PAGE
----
RIYADH, Saudi Arabia -- Saudi health officials on Wednesday reported another 11 cases of a potentially deadly respiratory virus, including the first in the Muslim holy city of Mecca.
Six of the people to have newly contracted Middle East Respiratory Syndrome, or MERS, were in Jeddah, the kingdom's largest city, with another four in the capital, Riyadh, and one in Mecca, a health ministry statement said. That brings the total number of cases in the country to 272.
Meanwhile in West Africa, a deadly Ebola virus outbreak has taken 142 lives across Guinea and Liberia, according to the Geneva-based World Health Organization.
"We are concerned about these new [MERS] cases in health facilities" in Saudi Arabia and United Arab Emirates, WHO spokesman Tarik Jasarevic said in an email. "We are unaware at this point of the specific types of exposure in the health care facilities that have resulted in transmission of these infections."
At least 93 people have died of the disease since it emerged in Saudi Arabia in September 2012, according to the WHO. MERS, which has been linked to contact with camels, is in the same family as the SARS virus that killed about 800 people worldwide after first appearing in China.
Saudi Arabia is consulting experts from Germany, France, the United Kingdom and the United States on how to combat the virus. The kingdom on Monday removed Health Minister Abdullah al-Rabeeah from office as it moved to fight the outbreak, replacing him on an acting basis with Labor Minister Adel Faqih.
Although most people infected with the virus either have no symptoms or minor ones and are not infectious, critical information gaps remain to better understand the MERS transmission as well as its route of infection, Mr. Jasarevic said.
"Every effort is being made to understand its current behavior and any potential alteration in its behavior," Mohammed Zamakhshary, the Saudi assistant deputy health minister, said of the coronavirus that causes the illness.
In Jordan, a 25-year-old Saudi citizen tested positive for MERS and is in a stable condition, the state-run Petra news agency said Tuesday.
"We believe MERS is a zoonotic virus -- meaning that the virus comes from animals, namely camels -- and is transmitted to humans," said WHO technical expert Maria Van Kerkhove, a senior research fellow at London's Imperial College. "The virus can also be transmitted from human to human, which we have seen between family members and health care workers caring for MERS patients."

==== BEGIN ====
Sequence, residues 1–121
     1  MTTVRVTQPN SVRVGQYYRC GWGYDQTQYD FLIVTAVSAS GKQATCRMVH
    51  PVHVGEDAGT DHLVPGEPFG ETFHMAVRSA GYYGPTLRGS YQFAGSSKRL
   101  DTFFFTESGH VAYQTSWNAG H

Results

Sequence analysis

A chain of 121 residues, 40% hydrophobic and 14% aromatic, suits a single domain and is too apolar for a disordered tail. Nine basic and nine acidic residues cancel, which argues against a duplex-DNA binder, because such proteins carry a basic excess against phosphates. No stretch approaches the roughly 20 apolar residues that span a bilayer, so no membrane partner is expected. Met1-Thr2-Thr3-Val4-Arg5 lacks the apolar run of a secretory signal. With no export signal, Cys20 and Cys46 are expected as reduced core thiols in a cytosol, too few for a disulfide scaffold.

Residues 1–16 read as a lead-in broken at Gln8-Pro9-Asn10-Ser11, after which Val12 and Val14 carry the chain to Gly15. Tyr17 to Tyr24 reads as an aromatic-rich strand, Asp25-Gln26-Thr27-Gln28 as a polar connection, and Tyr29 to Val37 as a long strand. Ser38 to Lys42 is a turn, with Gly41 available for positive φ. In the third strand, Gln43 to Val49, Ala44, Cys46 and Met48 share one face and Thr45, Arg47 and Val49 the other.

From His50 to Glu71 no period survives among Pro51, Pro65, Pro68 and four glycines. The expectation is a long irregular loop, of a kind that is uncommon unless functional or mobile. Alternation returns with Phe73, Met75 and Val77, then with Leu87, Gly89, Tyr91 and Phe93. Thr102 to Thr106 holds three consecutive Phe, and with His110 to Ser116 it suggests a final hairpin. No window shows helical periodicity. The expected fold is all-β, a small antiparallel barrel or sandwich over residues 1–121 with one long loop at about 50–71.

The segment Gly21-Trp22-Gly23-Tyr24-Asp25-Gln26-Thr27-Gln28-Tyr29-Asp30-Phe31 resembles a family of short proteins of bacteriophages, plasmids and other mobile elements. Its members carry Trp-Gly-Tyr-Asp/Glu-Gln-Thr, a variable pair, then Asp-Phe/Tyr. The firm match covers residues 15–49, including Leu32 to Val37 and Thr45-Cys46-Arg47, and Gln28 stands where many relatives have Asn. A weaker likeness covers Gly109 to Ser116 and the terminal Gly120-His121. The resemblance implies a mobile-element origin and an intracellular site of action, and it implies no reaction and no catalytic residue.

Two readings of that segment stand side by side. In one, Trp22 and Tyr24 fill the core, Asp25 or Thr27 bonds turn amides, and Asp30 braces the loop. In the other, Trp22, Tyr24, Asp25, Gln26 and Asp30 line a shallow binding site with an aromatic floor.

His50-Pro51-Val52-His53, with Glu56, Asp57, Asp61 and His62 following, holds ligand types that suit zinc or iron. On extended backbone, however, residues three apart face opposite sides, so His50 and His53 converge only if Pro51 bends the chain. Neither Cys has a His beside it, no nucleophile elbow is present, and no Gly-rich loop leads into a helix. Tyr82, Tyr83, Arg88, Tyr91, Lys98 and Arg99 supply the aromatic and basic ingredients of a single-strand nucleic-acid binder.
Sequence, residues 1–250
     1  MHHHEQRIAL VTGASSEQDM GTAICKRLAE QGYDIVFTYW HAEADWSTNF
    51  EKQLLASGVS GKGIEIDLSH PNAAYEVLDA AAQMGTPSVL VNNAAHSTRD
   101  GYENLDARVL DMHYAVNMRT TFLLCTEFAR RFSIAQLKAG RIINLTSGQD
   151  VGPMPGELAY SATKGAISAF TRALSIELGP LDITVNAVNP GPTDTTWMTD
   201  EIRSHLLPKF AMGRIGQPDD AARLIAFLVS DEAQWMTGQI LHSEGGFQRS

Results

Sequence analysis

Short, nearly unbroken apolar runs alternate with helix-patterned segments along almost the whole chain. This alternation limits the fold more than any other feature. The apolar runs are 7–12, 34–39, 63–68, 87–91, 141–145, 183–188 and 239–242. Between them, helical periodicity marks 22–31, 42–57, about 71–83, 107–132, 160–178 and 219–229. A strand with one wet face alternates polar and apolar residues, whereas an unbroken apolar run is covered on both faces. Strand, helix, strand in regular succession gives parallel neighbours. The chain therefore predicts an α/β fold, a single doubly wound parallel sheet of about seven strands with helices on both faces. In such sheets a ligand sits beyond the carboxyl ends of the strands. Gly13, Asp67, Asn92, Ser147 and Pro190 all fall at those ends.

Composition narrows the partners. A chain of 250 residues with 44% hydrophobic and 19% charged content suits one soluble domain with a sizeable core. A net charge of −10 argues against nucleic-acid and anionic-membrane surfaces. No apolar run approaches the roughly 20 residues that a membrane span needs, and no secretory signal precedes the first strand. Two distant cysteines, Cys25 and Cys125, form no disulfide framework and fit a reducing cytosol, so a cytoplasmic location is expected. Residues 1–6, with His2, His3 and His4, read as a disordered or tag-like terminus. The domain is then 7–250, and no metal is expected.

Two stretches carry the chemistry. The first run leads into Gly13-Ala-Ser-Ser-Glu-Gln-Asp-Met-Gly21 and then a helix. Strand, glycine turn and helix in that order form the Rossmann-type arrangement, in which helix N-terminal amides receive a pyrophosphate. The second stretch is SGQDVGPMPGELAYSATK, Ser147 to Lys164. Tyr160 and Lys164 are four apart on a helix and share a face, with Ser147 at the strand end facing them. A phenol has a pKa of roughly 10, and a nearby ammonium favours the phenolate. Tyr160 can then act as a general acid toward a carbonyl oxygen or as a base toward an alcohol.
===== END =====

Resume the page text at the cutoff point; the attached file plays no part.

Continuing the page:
The virus has spread to Southeast Asia, killing a Malaysian man who visited Saudi Arabia, the WHO said last week.
In October, the Saudis expect millions of pilgrims from around the world to perform the annual Haj in Mecca and Medina.
In Africa, Guinea health authorities reported 208 clinical cases of Ebola, including 136 deaths from the hemorrhagic fever, the WHO said in a website statement Tuesday. It said Liberia had 34 "clinically compatible" Ebola cases, with six deaths.
The outbreak, which began in March, is the worst in seven years and the first time the disease has caused West African deaths.
Ebola results in high fever, diarrhea and vomiting, and can lead to internal bleeding. There is no specific treatment or vaccine for the virus, which kills 50 percent to 90 percent of those who contract it, the WHO said.
Since the incubation period for Ebola can be as long as three weeks, "it is likely that the Guinean health authorities will report new cases in the coming weeks, and additional suspected cases may also be identified in neighboring countries," the WHO said. "It is anticipated that most of the suspected cases currently reported by Liberia will be reclassified as discarded and removed from the case count."
Guinea's Health Ministry on Saturday revised the disease death toll down to 61 from 122, saying confusion caused cases there to be duplicated.
The WHO said it isn't yet recommending travel or trade restrictions for Guinea or Liberia based on the latest available information available.